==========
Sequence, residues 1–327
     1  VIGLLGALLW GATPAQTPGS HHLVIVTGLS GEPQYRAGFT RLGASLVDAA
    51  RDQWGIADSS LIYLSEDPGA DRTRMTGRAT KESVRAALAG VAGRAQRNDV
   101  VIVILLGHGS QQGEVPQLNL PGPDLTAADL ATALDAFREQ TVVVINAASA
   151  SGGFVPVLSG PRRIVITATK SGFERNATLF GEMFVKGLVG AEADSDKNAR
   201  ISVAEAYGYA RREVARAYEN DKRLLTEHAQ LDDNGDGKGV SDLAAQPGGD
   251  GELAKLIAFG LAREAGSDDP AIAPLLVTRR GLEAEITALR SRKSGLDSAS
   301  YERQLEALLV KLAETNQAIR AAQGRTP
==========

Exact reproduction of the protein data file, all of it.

Sequence, residues 1–327
     1  VIGLLGALLW GATPAQTPGS HHLVIVTGLS GEPQYRAGFT RLGASLVDAA
    51  RDQWGIADSS LIYLSEDPGA DRTRMTGRAT KESVRAALAG VAGRAQRNDV
   101  VIVILLGHGS QQGEVPQLNL PGPDLTAADL ATALDAFREQ TVVVINAASA
   151  SGGFVPVLSG PRRIVITATK SGFERNATLF GEMFVKGLVG AEADSDKNAR
   201  ISVAEAYGYA RREVARAYEN DKRLLTEHAQ LDDNGDGKGV SDLAAQPGGD
   251  GELAKLIAFG LAREAGSDDP AIAPLLVTRR GLEAEITALR SRKSGLDSAS
   301  YERQLEALLV KLAETNQAIR AAQGRTP